From the inspiration of the desert and folklore, composer Max Stern has created his own unique style - combining traditional elements with the methods of modern serious music. He has studied Yemenite cantillation and the North African instrument "ud," which, besides the Arabs, was used by the Jews of Morocco. He visited scared places and absorbed the atmosphere of the sun-baked desert. He listened to the traditional religious songs of the people. In the end, he himself began to sing and play this traditional music. This is music which walks in the footsteps of the Prophets. (from the article "Inspiration in the Dester of Israel" by Alex Svamberk, culture editor, "Mlada Fronta DNES," Prague (8.9.95).
Bereshith: Creation of the World (1991)
for soprano, flute, percussion, and strings
Text (Hebrew): Gen. 1:1-31, 2:1-3
In this biblical account of Creation, light radiates throughout its seven movements, each variation is a day in the process of formation. The narrator is a cherub who recounts what she saw at the dawn of Creation. The flute is a bird hovering and bearing witness in fluttering, sputtering, stammering, stuttering arabesque.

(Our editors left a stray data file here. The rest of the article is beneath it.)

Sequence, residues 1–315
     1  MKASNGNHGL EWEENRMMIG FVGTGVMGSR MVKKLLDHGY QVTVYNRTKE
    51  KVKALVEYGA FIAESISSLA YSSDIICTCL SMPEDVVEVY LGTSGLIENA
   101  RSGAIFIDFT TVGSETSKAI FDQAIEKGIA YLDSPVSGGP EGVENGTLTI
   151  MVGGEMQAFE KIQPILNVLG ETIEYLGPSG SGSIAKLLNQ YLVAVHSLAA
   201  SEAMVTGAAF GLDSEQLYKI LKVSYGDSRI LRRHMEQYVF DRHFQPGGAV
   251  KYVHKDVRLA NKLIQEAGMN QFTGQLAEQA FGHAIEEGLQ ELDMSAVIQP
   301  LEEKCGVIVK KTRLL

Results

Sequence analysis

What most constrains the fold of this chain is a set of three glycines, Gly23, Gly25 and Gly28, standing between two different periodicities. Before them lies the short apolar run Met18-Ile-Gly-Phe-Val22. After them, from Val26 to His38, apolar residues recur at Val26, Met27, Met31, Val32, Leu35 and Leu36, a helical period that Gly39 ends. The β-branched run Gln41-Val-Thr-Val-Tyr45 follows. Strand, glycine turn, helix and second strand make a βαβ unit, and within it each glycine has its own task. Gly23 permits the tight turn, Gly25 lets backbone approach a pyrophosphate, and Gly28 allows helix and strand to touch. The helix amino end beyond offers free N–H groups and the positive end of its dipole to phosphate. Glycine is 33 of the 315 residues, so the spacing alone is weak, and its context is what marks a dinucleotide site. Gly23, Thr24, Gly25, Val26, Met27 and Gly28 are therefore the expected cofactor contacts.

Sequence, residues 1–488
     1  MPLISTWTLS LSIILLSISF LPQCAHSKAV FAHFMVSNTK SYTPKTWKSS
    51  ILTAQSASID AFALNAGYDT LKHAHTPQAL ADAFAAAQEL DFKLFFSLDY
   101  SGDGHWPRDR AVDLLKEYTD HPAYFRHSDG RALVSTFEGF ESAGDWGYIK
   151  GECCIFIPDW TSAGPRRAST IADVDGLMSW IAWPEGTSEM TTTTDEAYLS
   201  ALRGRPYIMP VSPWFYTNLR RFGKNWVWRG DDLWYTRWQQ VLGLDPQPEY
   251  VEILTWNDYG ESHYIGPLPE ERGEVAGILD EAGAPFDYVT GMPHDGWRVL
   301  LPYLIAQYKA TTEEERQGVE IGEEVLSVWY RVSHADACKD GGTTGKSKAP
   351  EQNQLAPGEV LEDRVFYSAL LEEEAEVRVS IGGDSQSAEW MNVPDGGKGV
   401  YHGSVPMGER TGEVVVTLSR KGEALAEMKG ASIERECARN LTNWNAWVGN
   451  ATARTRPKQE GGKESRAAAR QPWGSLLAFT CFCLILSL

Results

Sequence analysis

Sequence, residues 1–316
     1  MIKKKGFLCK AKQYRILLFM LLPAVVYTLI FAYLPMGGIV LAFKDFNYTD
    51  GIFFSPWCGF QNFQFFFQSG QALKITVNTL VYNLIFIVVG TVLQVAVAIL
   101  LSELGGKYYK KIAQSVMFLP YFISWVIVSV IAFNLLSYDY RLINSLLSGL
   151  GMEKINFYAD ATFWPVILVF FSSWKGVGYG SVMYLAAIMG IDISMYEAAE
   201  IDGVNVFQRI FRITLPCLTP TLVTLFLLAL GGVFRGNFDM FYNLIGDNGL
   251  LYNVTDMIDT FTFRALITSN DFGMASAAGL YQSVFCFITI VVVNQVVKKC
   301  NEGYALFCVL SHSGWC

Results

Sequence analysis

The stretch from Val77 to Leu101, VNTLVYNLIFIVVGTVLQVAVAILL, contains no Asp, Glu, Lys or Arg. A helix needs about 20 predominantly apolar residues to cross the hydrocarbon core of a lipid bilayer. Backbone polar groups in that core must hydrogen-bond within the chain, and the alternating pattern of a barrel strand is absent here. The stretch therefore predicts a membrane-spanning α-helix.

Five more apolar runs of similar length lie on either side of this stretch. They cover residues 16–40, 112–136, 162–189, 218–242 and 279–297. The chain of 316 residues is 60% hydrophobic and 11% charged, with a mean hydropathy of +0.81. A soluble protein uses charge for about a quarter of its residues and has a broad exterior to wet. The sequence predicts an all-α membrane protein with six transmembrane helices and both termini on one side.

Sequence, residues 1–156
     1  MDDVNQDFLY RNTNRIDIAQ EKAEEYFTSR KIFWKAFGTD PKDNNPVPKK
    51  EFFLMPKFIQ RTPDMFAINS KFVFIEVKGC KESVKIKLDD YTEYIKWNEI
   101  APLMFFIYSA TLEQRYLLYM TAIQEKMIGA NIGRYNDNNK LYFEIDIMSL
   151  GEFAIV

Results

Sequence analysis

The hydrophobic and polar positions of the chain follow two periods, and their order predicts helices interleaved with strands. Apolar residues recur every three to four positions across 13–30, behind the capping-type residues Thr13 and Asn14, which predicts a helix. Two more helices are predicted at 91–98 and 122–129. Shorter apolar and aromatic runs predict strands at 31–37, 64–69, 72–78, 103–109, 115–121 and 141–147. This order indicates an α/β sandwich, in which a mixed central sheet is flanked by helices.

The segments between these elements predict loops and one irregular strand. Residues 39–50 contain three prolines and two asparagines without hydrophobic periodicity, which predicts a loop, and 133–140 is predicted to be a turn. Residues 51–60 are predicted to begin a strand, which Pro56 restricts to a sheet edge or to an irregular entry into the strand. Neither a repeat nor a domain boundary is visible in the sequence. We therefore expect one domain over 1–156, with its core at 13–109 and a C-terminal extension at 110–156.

Song of the Morning Stars (1979)
This cosmic song sung at the dawn of Creation depicts the moment "when the morning stars sang together, and all the sons of God shouted for joy (Job 38:7)."
Built upon tonal materials and asymmetric meter it combines modern writing with poetry and tradition.
Piyutasia "Sephardic Fantasy" (1989)
for flute and piano
This arabesque presents piyut melodies from Morocco, Yemen and Turkey in a broader frame. The piano writing is styled after the Middle Eastern instrument "kannun."
Sonnet for Orchestra (1968)
a lyric tone poem
Serenade to A City (1967)
for string sextet
The three and a half movements of this urban soundscape conjure up images and landscapes of traffic and congestion, lonely brownstone steps, children and parks, trains and subways: energico, lyrico and ritmico.